The Lytro: Photography May Never be the Same
Among the many gadgets I’ve chronicled, few have excited me as much as the Lytro, which I chose as one of my two favorite emerging technologies of last year. (Unfairly, my top technology was an entire category: the non-iPad tablets.) The Lytro is the first commercial light-field camera; that is, a camera that captures “the amount of light traveling in every direction through every point in space.” The upshot? Photos you can refocus after the fact. Don’t believe me? Click on the below.
And now, after months of gearing up, the Lytro has landed. It’s available for purchase in two models, a 16GB version at $499, and an 8GB version at $399. Reviews are trickling in, and it turns out that–with some caveats, to be sure–much of the hype was justified. First, let’s get warmed up with a new video from Lytro itself.
Obviously Lytro’s going to be excited about the launch. But how about the technorati? Here’s what a few folks are saying.
Engadget has an exhaustive review; for an extremely in-depth look at the device, start there. The review’s author, Dante Cesa, has mostly praise for the camera, which managed to take a complicated idea and make its implementation relatively simple. This simplicity is first evident with the design of the hardware itself, which is extremely pared down and elegant. “It feels as if Lytro’s engineers were incapable of closing the chapter on their masterpiece until they stripped it of everything but the essentials,” writes Cesa. He also has mostly praise for the user interface and battery life, and he walks us through the basic image editing software included with the camera (that software only works for Mac, for now, with a Windows version supposedly on the way).
Cesa definitely finds some limitations, though. In particular, the Lytro doesn’t perform especially well in low light conditions (“prepare yourself for copious amounts of noise”). Ironically, though the camera performs best in bright light, the display becomes rather difficult to see under those conditions. Then again, the nuances of focusing aren’t a principal concern with this camera, so just having an impression of what’s in the viewfinder and an understanding of the principles of what makes a good Lytro shot should be enough for you. Cesa sums up by declaring the Lytro essential purchasing for camera enthusiasts; general consumers, though, may want to wait till the tech comes of age (and perhaps is even licensed for use in smartphones).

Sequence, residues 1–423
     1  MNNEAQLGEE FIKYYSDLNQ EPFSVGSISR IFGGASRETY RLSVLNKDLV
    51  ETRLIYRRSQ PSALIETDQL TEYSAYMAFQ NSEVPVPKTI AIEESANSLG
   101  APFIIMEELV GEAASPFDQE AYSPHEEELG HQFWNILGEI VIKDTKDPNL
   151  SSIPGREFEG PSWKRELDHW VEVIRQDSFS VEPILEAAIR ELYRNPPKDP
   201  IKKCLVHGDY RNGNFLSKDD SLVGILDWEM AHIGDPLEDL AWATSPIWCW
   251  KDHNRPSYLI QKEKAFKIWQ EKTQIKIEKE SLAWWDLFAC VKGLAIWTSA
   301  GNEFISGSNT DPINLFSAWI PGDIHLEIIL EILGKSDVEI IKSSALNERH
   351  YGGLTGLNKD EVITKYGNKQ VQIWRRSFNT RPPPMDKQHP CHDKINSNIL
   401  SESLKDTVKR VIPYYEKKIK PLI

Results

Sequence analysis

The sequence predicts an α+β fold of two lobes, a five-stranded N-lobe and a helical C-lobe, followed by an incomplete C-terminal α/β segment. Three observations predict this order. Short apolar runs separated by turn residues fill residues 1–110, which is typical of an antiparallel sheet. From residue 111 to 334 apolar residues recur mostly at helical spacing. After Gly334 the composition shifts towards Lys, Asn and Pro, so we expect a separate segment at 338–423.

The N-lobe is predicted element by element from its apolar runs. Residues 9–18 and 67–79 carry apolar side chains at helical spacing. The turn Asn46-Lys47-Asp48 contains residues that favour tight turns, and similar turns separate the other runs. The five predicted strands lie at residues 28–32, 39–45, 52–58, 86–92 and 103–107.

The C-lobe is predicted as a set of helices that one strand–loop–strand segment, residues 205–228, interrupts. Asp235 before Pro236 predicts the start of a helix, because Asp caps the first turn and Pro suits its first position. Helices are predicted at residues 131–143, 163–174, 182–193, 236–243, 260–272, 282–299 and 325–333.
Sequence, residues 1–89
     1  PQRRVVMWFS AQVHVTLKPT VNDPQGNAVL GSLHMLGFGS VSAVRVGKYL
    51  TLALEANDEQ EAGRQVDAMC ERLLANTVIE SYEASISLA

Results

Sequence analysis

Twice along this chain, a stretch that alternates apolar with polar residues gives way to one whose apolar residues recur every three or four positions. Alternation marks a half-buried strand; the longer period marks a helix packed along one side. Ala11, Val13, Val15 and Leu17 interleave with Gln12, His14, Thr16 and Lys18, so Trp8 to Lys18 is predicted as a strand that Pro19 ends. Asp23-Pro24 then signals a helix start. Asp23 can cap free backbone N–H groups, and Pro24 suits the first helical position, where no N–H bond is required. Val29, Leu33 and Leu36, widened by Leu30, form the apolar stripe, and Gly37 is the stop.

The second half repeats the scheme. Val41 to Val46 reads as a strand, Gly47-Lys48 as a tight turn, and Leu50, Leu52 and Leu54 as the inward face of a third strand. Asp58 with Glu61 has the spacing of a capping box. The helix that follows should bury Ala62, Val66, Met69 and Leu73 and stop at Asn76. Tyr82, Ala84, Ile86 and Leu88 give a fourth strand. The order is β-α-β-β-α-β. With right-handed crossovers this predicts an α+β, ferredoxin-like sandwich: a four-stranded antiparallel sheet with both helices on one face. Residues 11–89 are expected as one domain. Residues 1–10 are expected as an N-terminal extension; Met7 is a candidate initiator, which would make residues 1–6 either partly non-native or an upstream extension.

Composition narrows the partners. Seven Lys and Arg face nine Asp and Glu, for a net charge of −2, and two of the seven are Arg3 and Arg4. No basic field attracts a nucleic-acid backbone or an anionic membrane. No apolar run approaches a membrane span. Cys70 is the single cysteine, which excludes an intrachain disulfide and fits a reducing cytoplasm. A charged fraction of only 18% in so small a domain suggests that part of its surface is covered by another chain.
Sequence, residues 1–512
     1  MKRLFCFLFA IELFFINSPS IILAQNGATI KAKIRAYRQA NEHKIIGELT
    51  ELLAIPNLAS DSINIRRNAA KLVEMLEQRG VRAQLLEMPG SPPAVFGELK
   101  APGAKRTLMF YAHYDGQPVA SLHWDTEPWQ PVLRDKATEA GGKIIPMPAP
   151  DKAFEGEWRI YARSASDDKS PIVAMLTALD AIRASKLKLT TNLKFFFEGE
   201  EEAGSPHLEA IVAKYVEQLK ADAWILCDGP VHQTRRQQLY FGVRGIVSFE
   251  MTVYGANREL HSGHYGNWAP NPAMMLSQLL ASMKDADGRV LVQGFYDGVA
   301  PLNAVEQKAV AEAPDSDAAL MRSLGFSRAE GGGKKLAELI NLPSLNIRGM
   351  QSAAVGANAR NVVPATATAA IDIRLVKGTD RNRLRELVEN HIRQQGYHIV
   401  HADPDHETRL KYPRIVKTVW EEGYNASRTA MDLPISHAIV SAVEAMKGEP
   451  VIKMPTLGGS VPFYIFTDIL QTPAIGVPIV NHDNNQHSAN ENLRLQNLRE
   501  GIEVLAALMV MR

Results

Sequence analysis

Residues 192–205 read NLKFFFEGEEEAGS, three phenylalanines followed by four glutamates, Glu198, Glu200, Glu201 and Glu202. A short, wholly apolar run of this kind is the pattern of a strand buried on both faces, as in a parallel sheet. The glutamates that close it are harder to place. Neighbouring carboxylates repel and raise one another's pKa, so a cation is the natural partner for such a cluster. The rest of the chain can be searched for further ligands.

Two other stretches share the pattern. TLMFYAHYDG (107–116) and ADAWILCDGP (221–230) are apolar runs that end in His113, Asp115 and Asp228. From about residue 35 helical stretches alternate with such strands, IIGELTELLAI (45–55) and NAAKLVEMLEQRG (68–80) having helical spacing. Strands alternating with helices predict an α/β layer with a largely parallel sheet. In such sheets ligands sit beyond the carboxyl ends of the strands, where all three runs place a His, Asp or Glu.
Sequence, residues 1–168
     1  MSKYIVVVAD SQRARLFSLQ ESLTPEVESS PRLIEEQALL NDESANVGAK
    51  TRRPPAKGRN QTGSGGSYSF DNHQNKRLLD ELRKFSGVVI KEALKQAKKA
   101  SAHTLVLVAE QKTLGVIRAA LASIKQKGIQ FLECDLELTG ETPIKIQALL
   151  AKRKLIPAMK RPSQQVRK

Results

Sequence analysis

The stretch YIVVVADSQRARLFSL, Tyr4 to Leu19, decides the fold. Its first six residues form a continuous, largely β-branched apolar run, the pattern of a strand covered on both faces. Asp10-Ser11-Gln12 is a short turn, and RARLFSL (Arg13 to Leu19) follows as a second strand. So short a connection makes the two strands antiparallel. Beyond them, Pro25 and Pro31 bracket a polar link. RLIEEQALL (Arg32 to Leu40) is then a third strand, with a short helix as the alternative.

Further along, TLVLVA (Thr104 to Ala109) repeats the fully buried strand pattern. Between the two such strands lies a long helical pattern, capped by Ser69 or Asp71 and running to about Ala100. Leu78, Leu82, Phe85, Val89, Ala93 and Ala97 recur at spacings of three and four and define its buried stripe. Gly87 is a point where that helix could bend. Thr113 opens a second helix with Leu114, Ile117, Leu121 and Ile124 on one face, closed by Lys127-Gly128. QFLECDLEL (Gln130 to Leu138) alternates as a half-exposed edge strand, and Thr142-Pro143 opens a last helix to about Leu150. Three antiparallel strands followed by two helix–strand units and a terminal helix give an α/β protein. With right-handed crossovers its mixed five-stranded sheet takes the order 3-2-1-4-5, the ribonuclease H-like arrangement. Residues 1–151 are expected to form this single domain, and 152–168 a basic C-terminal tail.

XConomy’s Wade Roush likewise has an interesting mix of great praise and faint damnation for the product. He predicts that Ren Ng, Lytro’s CEO, will “wind up in the history books alongside photographic pioneers like Mathew Brady, Eadweard Muybridge, Harold ‘Doc’ Edgerton, Edwin Land, and George Smith and Willard Boyle.” At the same time, though, he contests some of Ng’s claims about just how disruptive the device will be, declaring “the company will need to keep tinkering with the product before it has a real hit on its hands.”
Finally, CNET’s Joshua Goldman is a tad lukewarm on the device. He’s particularly bummed, it seems, about the fact that Lytro’s proprietary image file format can only be manipulated currently on a Mac, and he found elements of the design, like the zoom strip, “both interesting and frustrating.” If you think the Lytro’s shoot-first-and-ask-questions-later philosophy means it doesn’t take practice to master, then think again, he suggests: “while it’s easy to pick up the Lytro and take a living picture, making one that doesn’t suck takes some creativity and knowledge of how to best frame your shot.” (Even so, to rate a revolutionary product 3 out of 5 stars merely because it’s not platform agnostic from the get-go and because it requires some practice to master, seems a tad harsh.)
Without having gone hands-on with the device yet myself, and without being a huge photographer personally, I may want to slightly revise my assessment of the Lytro. It’s still one of the technologies I’m most excited about–but it’s more from the perspective of a consumer of pictures, rather than a producer of them. I’ll let others sort out the mild headaches of Lytro picture-making, and will be clicking away on the photos they send me to my heart’s content.
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